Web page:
For this month on Christian’s Cinematic Syntax, I will be exploring the horror film and its sub-genres to demonstrate their inner complexities — those of atmosphere, as well as the many different underlying factors that make a horror film truly horrific. In order to do so, it is necessary to establish my thoughts on horror films from different decades and review them. It is also important to say, I will have no pattern to the films I choose. It will be heavily influenced by memory, and films that I am reminded of for spontaneous reasons. And since the Criterion Collection recently upgraded the film Vampyr to Blu-Ray on October 3, it was an obvious first choice.
Vampyr is a film directed by Carl Theodor Dreyer, and was originally released in 1932. At its release, it was barraged with backlash, so much so that it even caused the director to have a nervous breakdown. But as the film moved on through the ages, it emerged as a classic of the time period.
It’s Friday, and with that of course comes another installment in our “Meet the Editors” series. This week’s highlighted editor is Zach Meredith, who is stepping in as our new Art and Design Editor.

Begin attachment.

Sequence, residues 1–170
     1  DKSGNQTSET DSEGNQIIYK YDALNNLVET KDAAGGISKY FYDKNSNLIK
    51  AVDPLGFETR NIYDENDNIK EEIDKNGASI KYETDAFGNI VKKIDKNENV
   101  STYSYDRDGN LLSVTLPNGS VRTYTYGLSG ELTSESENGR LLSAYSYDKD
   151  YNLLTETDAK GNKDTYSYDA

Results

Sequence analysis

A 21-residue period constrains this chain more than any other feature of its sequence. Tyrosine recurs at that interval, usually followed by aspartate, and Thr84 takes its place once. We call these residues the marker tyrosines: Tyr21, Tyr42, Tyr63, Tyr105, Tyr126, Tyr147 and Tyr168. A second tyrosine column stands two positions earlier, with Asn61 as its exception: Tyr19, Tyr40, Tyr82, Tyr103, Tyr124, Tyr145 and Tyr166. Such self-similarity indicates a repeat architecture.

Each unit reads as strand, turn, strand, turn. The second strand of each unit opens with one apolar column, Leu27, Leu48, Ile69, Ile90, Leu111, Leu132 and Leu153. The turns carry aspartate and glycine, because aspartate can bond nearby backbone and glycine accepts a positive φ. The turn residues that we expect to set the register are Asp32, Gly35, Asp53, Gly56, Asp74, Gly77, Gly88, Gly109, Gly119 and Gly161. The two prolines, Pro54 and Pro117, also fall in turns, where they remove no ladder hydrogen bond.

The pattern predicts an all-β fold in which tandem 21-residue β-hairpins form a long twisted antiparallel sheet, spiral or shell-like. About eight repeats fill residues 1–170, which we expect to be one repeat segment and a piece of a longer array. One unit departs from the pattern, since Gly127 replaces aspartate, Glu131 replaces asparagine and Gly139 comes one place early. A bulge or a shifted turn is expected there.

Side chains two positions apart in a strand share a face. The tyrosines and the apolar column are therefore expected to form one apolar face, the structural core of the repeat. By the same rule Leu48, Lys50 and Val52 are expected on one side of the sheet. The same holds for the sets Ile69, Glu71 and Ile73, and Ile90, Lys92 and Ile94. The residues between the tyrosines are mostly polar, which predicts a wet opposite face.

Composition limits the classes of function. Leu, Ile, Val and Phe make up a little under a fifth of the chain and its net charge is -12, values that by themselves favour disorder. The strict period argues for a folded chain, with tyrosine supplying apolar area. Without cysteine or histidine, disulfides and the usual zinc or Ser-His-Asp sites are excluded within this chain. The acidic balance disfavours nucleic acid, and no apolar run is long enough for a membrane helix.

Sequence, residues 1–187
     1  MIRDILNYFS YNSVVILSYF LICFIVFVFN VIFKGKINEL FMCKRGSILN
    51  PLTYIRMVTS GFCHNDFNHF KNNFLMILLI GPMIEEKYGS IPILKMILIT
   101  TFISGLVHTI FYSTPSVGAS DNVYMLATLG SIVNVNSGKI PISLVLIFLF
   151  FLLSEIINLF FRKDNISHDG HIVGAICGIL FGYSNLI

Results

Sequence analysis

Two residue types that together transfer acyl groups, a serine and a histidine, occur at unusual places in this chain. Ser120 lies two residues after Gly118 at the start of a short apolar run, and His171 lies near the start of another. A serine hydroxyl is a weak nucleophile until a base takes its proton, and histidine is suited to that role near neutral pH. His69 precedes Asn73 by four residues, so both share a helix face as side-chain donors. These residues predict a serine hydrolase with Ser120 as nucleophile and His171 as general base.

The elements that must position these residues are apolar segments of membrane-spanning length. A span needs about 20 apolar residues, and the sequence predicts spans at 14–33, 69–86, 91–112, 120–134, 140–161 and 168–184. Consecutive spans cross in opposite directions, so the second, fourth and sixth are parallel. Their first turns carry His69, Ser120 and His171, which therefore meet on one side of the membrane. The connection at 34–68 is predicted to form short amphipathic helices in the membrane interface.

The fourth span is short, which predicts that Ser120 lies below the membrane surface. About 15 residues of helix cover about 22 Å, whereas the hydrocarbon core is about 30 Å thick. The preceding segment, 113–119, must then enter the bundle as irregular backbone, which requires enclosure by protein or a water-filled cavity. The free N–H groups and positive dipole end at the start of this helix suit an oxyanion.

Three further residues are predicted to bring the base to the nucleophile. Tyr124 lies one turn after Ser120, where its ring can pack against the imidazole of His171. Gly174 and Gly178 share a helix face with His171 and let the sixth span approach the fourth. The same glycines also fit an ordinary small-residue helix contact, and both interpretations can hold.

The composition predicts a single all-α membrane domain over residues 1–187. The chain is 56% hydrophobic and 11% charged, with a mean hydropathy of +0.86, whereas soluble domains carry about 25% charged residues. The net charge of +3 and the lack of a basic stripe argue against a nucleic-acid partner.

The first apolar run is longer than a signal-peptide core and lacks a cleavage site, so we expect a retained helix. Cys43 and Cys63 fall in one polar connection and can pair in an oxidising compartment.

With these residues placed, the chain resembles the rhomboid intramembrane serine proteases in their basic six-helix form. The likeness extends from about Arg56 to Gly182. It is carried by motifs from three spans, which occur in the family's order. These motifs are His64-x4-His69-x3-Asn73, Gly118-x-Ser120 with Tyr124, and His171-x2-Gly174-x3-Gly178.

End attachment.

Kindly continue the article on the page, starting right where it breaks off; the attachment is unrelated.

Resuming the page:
Zach is a senior studying graphic design with a minor in marketing. In his spare time, he designs, listens to music, and plays basketball, but art and fashion are his true passions. Zach has been designing clothing since high school and has been running a clothing brand for almost two years. He plans to run his own fashion label on a larger scale in the future.
What do you do if you’re one of Chicago’s top indie bands and you’re still coming off of releasing an incredibly successful debut LP from last year? Well, if you’re Whitney, then you release a cover of Dolly Parton’s “Gonna Hurry (As Slow As I Can),” along with another cover of a song called “You’ve Got a Woman,” by 70s Dutch psychedelic band, Lion. This is not the type of content that one would expect from a contemporary indie band. Upon further thought, however, it makes sense that this type of experimentation would earn Whitney such positive critical recognition. Releasing these covers shows their bravery and nuance in the scope of indie rock music being produced today.